Is there a whisper inside of you saying that there is something meaningful that you can give the world? Do you want to start a movement? What’s preventing you from making it happen?
I recently spent some time speaking to Zephan Moses Blaxberg on The Year of Purpose podcast about how to start a movement and what you can do to overcome your fears so that you can make big things happen.
Winning the Thought Leader of the Year award, in my opinion, has less to do with my abilities as a thinker or a speaker, and more to do with the state of the world right now. People are hungry to see the world become a better place. People want to start movements. People want to be a part of something bigger than themselves. All I do is share the timeless information that others have used in the past to achieve the same thing that most in the world are desiring to do themselves right now.
I am hopeful that the world is becoming better every single day, and the challenges we face won’t defeat us, but will mobilize and unite us. The world will win, and we will be better off for it.
You’ve got something meaningful to share with the world. Go for it.
One of the the most intense parts of being at the TED Global conference in Geneva last week was watching Melissa Fleming’s talk on the Syrian refugee crisis, and having a Q&A session with her afterward. Her talk will inspire you to take personal action to help the millions of Syrians who have been displaced from their homes.
How would your life change if you no longer had to work to earn a living and could spend your time pursuing passions and interests? More importantly, how would the world need to change in order to make that possible?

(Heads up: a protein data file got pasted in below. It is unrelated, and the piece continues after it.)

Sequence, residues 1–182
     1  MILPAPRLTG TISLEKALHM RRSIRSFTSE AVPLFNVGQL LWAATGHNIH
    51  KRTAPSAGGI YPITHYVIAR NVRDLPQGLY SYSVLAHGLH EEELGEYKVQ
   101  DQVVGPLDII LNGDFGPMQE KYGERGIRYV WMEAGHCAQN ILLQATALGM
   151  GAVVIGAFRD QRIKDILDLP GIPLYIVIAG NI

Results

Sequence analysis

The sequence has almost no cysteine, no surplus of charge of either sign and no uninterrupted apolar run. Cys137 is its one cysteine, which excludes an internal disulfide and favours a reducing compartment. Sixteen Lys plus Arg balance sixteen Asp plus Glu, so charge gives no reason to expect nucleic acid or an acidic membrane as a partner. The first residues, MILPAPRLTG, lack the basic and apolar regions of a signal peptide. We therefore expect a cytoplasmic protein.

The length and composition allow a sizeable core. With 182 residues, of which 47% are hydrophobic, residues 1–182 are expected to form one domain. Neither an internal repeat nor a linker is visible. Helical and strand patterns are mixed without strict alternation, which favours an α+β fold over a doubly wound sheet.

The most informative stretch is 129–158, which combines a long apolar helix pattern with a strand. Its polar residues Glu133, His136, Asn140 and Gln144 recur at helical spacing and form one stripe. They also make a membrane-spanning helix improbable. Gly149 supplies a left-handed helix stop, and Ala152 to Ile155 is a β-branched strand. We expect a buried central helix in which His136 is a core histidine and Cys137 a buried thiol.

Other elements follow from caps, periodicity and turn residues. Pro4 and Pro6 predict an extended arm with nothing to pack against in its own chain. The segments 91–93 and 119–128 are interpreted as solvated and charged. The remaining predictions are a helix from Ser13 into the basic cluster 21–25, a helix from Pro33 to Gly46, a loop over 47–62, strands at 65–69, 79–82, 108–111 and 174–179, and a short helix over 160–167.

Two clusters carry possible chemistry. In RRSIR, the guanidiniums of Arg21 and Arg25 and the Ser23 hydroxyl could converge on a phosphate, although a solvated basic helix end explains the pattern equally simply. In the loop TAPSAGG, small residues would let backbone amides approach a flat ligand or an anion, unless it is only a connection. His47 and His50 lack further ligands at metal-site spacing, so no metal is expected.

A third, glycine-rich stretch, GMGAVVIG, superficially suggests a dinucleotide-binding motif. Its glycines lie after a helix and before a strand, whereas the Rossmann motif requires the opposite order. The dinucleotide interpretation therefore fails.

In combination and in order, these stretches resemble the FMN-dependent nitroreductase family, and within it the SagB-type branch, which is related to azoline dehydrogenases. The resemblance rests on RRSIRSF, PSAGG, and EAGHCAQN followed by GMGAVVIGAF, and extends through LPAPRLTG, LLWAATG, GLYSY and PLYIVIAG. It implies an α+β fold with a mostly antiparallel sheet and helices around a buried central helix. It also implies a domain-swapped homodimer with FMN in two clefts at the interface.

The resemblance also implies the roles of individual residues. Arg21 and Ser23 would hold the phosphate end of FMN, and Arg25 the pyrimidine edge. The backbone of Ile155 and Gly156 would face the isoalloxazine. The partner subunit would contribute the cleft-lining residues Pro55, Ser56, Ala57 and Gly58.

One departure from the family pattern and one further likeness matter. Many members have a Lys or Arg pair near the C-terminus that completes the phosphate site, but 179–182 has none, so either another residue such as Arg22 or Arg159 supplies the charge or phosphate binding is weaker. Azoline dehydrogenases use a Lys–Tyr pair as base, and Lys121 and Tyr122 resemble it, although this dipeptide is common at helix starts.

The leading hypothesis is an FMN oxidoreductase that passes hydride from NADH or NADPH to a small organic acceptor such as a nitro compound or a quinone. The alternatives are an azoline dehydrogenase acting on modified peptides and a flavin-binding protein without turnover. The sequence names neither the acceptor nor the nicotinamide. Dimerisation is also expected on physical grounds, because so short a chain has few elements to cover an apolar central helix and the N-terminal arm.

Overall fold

Over 50 years ago, Bucky Fuller said something that should shake the foundation of everything we are currently doing and challenge our entire system. What would YOU do without a job?
There is a big difference between getting a lot of attention, and getting a lot of people to take action. This is exactly the heart of the issue in starting a movement. To gain influence, we have to give something first.
How do we end racism?
What would you do if you were given the responsibility of finding a solution to this longstanding, now systemic problem?
That was the exact task given to a group of 30 young leaders in Winnipeg: figure out how to eradicate racism.
Even though she is gone, her legacy continues to touch countless lives. And while the work being done to alleviate suffering and poverty is incredibly important, I believe she would really want us to honour her by putting love into action right where we are in simple ways.
I am certain that what he shared with us will not only continue to guide me as a speaker, but provide an anchor and reference point in raising our family and teaching our kids for the generations to come.